A quick note on convergence in probability vs. convergence a.s.

Standard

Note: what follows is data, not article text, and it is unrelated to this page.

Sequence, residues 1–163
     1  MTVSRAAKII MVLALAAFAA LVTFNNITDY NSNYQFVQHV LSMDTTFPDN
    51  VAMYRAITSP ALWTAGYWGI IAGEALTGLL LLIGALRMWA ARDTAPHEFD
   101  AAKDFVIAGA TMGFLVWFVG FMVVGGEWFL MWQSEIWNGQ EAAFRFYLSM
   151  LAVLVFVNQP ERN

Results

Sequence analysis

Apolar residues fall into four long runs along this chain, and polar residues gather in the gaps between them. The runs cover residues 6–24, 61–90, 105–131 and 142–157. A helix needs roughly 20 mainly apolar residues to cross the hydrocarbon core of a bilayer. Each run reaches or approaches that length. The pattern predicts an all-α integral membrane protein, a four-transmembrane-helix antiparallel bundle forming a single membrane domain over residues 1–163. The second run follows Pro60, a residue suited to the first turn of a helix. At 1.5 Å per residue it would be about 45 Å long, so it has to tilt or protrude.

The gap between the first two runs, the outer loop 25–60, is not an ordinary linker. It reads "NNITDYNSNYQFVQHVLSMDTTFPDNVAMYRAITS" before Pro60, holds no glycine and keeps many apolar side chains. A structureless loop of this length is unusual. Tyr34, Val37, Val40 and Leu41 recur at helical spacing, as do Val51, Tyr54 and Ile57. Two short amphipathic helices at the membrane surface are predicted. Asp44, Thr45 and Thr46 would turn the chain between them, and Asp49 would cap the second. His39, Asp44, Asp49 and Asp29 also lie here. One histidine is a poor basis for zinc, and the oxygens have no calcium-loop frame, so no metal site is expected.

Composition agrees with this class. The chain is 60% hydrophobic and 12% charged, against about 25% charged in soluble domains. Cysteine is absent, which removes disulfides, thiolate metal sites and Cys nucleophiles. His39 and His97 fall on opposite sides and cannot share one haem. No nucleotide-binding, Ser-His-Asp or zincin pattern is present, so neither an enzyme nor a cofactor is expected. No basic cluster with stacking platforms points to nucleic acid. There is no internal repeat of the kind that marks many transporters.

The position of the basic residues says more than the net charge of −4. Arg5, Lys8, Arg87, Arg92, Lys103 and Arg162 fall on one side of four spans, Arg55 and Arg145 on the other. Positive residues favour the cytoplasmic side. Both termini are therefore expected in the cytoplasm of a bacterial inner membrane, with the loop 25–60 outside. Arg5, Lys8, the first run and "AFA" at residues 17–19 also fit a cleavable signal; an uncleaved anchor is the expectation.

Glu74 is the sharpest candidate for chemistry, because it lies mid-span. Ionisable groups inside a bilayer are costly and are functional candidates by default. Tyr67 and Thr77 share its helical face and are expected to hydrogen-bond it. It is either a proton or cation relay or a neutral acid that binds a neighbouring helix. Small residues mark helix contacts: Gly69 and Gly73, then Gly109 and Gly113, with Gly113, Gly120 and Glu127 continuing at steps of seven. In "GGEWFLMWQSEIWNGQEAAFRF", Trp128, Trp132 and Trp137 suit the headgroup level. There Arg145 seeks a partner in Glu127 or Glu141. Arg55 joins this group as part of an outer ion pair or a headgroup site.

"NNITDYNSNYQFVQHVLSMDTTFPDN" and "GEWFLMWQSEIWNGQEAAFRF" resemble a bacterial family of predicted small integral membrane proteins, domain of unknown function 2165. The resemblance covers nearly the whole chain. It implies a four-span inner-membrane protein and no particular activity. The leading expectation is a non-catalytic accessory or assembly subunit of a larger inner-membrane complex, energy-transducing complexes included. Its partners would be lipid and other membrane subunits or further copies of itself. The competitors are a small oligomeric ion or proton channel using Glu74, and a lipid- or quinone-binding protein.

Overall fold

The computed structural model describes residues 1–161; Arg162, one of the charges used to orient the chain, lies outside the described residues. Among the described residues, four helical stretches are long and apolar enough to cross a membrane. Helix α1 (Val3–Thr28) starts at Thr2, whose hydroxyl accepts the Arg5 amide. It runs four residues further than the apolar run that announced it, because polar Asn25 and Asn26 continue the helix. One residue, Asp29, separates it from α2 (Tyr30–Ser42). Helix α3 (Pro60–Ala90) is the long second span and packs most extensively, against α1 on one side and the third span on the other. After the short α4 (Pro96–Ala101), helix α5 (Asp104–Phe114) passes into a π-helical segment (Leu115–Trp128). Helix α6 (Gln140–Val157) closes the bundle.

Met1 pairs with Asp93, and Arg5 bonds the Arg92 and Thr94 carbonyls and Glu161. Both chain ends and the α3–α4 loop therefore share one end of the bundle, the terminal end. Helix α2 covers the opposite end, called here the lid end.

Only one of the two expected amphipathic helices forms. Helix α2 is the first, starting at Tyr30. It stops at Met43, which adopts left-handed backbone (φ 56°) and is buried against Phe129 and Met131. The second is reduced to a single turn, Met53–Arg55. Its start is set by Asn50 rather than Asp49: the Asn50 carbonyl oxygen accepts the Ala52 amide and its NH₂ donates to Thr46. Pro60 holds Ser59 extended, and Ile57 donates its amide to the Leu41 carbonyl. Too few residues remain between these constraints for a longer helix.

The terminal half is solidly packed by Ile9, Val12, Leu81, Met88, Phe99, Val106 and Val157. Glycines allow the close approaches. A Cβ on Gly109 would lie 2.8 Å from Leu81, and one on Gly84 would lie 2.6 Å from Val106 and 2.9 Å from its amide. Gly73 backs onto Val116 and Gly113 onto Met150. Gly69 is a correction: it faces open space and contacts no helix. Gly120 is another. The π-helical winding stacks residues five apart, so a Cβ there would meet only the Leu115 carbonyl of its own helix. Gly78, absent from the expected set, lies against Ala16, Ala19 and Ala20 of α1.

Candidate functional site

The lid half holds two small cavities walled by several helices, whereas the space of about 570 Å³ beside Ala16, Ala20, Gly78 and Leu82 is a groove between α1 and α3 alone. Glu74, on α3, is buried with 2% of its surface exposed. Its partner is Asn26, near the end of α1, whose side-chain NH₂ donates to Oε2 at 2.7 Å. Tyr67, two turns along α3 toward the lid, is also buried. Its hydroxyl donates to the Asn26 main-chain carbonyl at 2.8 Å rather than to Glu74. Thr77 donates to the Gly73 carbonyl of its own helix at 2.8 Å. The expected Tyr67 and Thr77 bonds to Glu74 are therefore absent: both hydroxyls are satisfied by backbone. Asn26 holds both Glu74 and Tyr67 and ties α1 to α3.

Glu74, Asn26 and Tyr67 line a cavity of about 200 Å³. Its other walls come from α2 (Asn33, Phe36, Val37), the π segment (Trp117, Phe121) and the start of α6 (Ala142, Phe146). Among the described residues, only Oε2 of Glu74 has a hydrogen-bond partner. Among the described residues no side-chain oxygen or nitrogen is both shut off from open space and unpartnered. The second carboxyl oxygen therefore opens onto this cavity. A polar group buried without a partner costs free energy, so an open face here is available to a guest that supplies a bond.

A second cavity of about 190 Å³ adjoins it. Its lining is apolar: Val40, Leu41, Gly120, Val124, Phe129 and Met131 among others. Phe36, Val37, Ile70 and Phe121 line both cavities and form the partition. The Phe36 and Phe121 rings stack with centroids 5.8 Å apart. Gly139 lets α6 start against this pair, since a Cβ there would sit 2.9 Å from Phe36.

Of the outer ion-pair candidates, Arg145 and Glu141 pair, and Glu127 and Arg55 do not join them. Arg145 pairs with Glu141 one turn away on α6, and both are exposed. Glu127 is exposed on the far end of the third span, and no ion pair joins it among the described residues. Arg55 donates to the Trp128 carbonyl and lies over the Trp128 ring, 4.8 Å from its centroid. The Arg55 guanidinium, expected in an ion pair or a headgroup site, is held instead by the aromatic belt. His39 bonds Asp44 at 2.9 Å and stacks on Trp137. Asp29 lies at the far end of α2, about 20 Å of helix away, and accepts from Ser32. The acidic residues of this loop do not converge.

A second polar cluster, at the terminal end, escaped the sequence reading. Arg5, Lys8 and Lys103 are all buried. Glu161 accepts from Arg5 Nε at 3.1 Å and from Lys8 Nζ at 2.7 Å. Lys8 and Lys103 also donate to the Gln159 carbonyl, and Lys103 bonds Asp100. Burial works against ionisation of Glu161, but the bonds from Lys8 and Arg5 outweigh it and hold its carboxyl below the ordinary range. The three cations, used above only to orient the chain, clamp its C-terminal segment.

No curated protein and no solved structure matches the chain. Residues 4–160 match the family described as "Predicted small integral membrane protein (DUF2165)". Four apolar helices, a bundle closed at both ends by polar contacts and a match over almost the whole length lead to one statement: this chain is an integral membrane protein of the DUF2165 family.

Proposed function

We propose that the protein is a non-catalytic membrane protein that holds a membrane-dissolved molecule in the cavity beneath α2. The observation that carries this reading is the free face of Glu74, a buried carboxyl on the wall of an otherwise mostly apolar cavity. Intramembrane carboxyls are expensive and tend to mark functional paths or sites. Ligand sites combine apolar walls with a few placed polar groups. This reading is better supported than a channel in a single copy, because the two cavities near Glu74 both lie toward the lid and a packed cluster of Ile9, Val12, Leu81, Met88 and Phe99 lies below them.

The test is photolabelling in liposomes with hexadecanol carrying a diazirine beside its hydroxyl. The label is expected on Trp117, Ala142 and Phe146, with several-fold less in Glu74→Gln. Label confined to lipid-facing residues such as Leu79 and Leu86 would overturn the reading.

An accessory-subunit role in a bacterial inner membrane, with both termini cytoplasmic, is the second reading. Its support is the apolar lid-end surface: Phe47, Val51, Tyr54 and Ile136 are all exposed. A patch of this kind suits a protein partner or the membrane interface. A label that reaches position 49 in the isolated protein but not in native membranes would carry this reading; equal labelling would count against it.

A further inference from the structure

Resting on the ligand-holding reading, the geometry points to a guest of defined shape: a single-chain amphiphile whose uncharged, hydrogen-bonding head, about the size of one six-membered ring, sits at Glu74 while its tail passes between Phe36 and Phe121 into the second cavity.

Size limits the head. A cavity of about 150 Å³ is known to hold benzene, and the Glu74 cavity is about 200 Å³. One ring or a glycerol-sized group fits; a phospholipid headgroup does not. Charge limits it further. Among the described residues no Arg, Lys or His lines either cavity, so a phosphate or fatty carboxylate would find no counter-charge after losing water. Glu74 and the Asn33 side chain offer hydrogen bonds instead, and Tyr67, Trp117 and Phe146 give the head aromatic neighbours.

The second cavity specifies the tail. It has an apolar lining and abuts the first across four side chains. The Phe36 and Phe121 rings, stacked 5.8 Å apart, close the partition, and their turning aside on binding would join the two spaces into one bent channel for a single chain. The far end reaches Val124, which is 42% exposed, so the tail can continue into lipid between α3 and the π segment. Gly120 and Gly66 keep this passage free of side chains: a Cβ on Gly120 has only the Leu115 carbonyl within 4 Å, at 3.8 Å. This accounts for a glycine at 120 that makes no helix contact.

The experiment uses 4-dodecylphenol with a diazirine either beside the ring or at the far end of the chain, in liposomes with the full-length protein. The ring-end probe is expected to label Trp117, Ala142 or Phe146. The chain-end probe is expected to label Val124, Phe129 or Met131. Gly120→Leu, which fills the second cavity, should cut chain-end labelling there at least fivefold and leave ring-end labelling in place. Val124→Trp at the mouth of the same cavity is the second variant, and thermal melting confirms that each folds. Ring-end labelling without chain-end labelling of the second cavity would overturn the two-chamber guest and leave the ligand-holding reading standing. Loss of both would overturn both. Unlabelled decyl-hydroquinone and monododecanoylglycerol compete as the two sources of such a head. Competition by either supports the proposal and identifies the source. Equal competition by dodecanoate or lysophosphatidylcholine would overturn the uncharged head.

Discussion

Convergence in probability says \mathbb{P}( |X_n-X| > \epsilon) \to 0, which controls how a single random variable X_n is close to its putative limit X. Convergence almost surely controls how the entire tail approaches the limit simultaneously. I.e. we have that for all \epsilon > 0, \mathbb{P}(\lim \sup \{|X_n - X| > \epsilon \} = 1) \to 0. This is equivalent to saying that \mathbb{P} \{ w: X_n(w) \to X(w) \} = 1. This means that if you were simulating out the sequence \{X_n \} convergence a.s. to X would mean that with probability 1 after some finite number of steps all of your X_i wouldn’t deviate from X by more than \epsilon. Convergence in probability would only guarantee that the deviations happen with increasingly small frequency. With this intuition in mind it is much easier to visualize situations that converge in probability but do not converge almost surely.

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